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How to have a safe Halloween in the coronavirus

In a sense, 2020 will be a perfect Halloween. The holiday is Saturday, which is a full moon (specifically, “Blue Moon”, an event that occurs only once every two years).

But it’s not surprising that Halloween will look much different in 2020. As the incidence of coronavirus increases in parts of the country and social distance measures are still in place, many are thinking about the health of themselves and others, thinking about ways to celebrate.

This is a Halloween idea from families across the country to keep your holidays creepy by wearing masks, disinfecting frequently, and practicing social distance while staying safe.

This year’s door-to-door trick or treat could be table-to-table instead. In Canonsburg, Pennsylvania, 39-year-old Dana Armstrong and her neighbors put a table outdoors, on the edge of a driveway, or in front of a house and grab a candy for kids to grab as they pass by. I recommend spreading it up. A similar concept is emerging in the vicinity of Chicago. After discussing with her husband, 40-year-old Sarah Barr said she would go out wearing a mask with her 10-year-old daughter and a small group of friends and her parents. Houses where the table looks like a subway platform during rush hour, or where people don’t wear masks, “keep moving!” Barr said.

In Washington, 45-year-old Veronica Jimenez adds a twist to trick-or-treat by taking children for a walk in the neighborhood and becoming a candy dispenser.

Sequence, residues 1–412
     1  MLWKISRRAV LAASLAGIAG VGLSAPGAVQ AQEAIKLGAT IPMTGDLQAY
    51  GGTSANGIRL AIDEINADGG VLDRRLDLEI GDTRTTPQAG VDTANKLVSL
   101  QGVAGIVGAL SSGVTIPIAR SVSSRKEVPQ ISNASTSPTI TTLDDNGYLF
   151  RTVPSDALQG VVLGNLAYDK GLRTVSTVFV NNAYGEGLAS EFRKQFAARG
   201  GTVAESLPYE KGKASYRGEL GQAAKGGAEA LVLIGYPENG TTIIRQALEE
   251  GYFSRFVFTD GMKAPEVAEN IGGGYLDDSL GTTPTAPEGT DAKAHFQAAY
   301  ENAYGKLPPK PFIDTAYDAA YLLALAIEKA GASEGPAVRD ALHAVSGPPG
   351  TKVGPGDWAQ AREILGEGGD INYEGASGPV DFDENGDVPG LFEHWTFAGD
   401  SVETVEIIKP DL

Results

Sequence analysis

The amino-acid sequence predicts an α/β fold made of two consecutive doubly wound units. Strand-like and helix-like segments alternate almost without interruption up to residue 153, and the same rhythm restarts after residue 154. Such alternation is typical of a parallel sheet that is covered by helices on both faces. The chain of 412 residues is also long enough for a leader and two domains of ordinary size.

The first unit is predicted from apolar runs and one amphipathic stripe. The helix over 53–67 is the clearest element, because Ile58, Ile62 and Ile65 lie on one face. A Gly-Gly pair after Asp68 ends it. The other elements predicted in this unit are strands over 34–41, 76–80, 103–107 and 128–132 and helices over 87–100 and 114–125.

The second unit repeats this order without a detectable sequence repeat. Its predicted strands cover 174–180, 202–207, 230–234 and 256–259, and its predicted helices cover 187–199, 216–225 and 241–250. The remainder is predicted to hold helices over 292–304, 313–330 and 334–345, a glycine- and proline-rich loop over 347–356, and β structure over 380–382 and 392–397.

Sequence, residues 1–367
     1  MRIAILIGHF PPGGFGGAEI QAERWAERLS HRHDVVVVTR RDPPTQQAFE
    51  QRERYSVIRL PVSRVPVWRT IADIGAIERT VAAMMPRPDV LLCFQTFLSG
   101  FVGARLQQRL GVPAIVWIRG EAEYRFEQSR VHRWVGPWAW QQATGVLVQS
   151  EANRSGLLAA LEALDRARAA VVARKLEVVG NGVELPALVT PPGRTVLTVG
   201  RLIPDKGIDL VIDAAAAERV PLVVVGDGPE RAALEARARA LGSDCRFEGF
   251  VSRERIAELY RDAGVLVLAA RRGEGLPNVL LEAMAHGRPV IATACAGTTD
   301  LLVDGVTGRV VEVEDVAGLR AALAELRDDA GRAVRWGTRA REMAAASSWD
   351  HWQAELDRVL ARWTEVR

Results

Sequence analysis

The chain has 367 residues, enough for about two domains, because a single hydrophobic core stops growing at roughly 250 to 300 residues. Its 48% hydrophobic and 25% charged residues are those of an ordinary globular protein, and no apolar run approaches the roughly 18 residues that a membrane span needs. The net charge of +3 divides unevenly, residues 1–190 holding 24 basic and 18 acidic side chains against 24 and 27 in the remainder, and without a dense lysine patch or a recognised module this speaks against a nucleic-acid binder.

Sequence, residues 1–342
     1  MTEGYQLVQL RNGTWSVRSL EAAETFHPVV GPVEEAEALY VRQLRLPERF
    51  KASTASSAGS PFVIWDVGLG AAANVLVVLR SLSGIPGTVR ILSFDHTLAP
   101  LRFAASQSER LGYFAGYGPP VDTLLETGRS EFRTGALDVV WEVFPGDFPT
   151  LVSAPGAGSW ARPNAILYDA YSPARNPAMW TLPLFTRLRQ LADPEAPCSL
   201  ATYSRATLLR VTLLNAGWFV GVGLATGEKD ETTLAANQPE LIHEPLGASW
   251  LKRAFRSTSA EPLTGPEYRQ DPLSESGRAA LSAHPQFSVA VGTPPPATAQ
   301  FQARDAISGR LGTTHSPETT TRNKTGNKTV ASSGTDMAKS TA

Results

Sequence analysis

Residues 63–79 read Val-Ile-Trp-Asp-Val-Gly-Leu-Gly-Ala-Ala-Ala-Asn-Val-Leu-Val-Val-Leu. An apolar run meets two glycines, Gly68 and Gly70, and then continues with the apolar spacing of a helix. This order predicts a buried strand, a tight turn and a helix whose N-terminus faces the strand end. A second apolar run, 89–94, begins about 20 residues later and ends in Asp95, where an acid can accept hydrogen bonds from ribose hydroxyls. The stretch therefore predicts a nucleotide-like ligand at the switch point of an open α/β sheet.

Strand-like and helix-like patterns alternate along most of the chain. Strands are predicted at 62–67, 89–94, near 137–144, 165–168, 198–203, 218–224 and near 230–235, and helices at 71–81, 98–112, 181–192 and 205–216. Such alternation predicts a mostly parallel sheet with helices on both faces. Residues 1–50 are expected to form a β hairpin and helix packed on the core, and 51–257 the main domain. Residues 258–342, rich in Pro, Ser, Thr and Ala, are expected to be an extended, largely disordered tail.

“For every decorated house we see, I give them some candies,” she said. “It was a simple idea of ​​how I would not only make them happy, but also keep them safe.”

Last Halloween, Yvonne Valdes and her husband went to Disney World with their children, now 5 and 3 years old. This year, Valdes turned to Pinterest for inspiration to decorate Miami’s backyard.

“I’m thinking of setting up a scavenger hunt for Halloween sweets and a small bag of sweets,” Valdes said. They try pumpkin sculptures, then spend the night making cupcakes and watching their favorite holiday movies like “Hotel Transylvania.”

Creativity is also booming in other Miami homes. Elisa Douglas, 44, changed her outfit to the challenge of a family of her husband and two children (10 and 12). “I thought,’Let’s make our own costumes,'” he collects odds and ends from around the house to his family. The agenda also includes pizza, baking, and 80’s movies.

“In a way I was lucky because my kids love to stay home,” she said.

Unless it snows in Minneapolis, Tiffany Tomlin Curts, 43, and her neighbors will be hosting an outdoor party. A candy hunt that glows in the dark for kids, a bonfire for adults, and a Halloween flick with an outdoor projector.

In Atlanta, Maggie, Garrett Mock, and the parents of another friend came together to come up with a “progressive party” Covid-19 style after the kids wrote a letter claiming more than a backyard Halloween party. ..

“Each house distributes candies, but we also host a little extra activity to make up for the limited stops,” Mock said. From one stop, such as a pizza or pinata, to a backyard dance party, a story of ghosts around a bonfire, and, of course, an outdoor projector with scary movies.

“I think it’s fun for kids to say about how this strange holiday will take place, and parents can be creative and enjoy the festive fun on their own.” Said Mock.

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